Only in object constructors, methods, and in setting up closures

The semantics of this can be tricky. At times it refers to the global object (in most places), the scope of the caller (in eval), a newly created object (in a constructor), or some other object (if function was call()ed or apply()ed).

Because this is so easy to get wrong, limit its use to those places where it is required:

  • in constructors
  • in methods of objects (including in the creation of closures)

for-in loop

Only for iterating over keys in an object/map/hash

for-in loops are often incorrectly used to loop over the elements in an Array. This is however very error prone because it does not loop from 0 to length - 1 but over all the present keys in the object and its prototype chain. Here are a few cases where it fails:

function printArray(arr) {
  for (var key in arr) {
    print(arr[key]);
  }
}

printArray([0,1,2,3]);  // This works.

var a = new Array(10);
printArray(a);  // This is wrong.

a = [0,1,2,3];
a.buhu = 'wine';
printArray(a);  // This is wrong again.

a = new Array;
a[3] = 3;
printArray(a);  // This is wrong again.

Always use normal for loops when using arrays.

function printArray(arr) {
  var l = arr.length;
  for (var i = 0; i < l; i++) {
    print(arr[i]);
  }
}

Multiline string literals

No

Do not do this:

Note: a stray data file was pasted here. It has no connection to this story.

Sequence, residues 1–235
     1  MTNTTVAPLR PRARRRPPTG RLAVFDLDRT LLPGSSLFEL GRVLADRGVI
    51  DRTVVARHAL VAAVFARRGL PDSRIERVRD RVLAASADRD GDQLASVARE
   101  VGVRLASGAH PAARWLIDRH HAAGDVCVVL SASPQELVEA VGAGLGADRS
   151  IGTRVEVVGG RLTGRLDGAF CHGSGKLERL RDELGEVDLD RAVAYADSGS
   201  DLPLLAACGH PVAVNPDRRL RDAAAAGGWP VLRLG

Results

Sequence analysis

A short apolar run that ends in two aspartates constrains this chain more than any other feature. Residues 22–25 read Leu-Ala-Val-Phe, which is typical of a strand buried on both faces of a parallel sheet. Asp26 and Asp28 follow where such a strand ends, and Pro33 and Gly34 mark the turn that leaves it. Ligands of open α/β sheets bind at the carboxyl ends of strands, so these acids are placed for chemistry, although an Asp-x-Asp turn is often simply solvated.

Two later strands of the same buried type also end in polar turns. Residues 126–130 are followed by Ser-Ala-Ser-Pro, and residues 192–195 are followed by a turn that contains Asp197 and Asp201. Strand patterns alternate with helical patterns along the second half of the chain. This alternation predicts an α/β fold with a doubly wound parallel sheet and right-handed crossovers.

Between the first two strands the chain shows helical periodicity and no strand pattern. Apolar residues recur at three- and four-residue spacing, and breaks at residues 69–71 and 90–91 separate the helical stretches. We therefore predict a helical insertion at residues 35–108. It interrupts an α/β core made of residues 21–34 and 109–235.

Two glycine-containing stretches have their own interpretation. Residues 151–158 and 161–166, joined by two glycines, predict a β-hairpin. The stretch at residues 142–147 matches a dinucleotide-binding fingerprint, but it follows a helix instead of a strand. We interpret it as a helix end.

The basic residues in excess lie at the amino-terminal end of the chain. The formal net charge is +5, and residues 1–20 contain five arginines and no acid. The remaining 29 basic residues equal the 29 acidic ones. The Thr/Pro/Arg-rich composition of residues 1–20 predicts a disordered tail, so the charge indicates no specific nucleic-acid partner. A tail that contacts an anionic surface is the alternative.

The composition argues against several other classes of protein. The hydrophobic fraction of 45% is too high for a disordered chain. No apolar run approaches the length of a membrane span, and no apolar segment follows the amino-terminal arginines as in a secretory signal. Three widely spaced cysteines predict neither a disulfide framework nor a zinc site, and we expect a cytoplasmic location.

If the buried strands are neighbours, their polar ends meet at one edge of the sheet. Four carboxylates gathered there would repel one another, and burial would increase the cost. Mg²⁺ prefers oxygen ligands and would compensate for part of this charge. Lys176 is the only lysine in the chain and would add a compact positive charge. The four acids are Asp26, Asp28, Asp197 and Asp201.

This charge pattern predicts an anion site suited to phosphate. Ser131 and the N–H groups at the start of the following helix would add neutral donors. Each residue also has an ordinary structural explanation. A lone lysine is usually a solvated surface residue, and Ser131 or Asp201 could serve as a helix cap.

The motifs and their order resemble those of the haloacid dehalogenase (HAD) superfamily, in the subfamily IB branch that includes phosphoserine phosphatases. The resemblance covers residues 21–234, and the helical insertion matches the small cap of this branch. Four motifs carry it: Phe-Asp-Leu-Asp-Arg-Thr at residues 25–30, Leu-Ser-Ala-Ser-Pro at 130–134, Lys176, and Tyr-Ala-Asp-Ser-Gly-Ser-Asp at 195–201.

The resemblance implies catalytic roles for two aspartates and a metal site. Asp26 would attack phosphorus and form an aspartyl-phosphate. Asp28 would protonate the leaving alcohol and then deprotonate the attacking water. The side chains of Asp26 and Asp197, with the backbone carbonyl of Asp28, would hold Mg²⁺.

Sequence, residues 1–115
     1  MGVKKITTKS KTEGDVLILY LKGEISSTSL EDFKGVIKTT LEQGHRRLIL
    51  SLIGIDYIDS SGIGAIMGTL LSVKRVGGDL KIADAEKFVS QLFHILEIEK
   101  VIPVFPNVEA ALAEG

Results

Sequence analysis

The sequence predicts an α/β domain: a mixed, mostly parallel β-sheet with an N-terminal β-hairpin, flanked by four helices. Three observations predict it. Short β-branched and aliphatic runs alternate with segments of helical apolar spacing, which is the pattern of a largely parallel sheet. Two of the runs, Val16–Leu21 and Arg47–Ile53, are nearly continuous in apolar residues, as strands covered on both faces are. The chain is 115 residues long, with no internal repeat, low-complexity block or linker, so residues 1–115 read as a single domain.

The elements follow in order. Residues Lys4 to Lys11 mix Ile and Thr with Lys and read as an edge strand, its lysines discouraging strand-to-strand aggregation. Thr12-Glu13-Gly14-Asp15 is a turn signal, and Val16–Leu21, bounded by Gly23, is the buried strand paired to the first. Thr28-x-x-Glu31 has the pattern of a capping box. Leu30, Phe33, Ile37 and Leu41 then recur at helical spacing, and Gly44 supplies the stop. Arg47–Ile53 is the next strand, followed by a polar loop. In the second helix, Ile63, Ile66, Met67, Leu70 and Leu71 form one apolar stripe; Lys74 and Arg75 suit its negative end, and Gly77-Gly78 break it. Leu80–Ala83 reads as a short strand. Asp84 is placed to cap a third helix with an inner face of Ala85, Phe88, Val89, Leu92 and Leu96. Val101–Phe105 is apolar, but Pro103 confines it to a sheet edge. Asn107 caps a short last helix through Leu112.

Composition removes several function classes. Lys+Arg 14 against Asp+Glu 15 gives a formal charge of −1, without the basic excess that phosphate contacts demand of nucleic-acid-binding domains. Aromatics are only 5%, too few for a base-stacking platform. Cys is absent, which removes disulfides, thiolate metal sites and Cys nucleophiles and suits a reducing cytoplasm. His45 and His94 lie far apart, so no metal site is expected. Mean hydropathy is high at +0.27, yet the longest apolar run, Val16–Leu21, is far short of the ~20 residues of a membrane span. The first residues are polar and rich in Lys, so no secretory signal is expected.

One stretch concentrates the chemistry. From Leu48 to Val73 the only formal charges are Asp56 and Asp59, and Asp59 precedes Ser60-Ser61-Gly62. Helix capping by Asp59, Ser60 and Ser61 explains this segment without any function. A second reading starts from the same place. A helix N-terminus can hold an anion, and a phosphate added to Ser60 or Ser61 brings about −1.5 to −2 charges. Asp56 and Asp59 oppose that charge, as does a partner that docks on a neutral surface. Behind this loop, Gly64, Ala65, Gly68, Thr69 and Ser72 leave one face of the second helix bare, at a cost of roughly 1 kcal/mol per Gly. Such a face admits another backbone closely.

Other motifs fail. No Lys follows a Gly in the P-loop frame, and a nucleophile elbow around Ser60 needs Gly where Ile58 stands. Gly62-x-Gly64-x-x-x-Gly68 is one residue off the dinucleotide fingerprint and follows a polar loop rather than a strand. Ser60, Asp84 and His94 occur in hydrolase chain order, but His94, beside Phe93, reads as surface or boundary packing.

var myString = 'A rather long string of English text, an error message \
                actually that just keeps going and going -- an error \
                message to make the Energizer bunny blush (right through \
                those Schwarzenegger shades)! Where was I? Oh yes, \
                you\'ve got an error and all the extraneous whitespace is \
                just gravy.  Have a nice day.';

The whitespace at the beginning of each line can’t be safely stripped at compile time; whitespace after the slash will result in tricky errors.

Use string concatenation instead:

var myString = 'A rather long string of English text, an error message ' +
    'actually that just keeps going and going -- an error ' +
    'message to make the Energizer bunny blush (right through ' +
    'those Schwarzenegger shades)! Where was I? Oh yes, ' +
    'you\'ve got an error and all the extraneous whitespace is ' +
    'just gravy.  Have a nice day.';

Array and Object literals

Yes

Use Array and Object literals instead of Array and Object constructors.

Array constructors are error-prone due to their arguments.

// Length is 3.
var a1 = new Array(x1, x2, x3);

// Length is 2.
var a2 = new Array(x1, x2);

// If x1 is a number and it is a natural number the length will be x1.
// If x1 is a number but not a natural number this will throw an exception.
// Otherwise the array will have one element with x1 as its value.
var a3 = new Array(x1);

// Length is 0.
var a4 = new Array();

Because of this, if someone changes the code to pass 1 argument instead of 2 arguments, the array might not have the expected length.

To avoid these kinds of weird cases, always use the more readable array literal.

var a = [x1, x2, x3];
var a2 = [x1, x2];
var a3 = [x1];
var a4 = [];

Object constructors don’t have the same problems, but for readability and consistency object literals should be used.

var o = new Object();

var o2 = new Object();
o2.a = 0;
o2.b = 1;
o2.c = 2;
o2['strange key'] = 3;

Should be written as:

var o = {};

var o2 = {
  a: 0,
  b: 1,
  c: 2,
  'strange key': 3
};

Modifying prototypes of built-in objects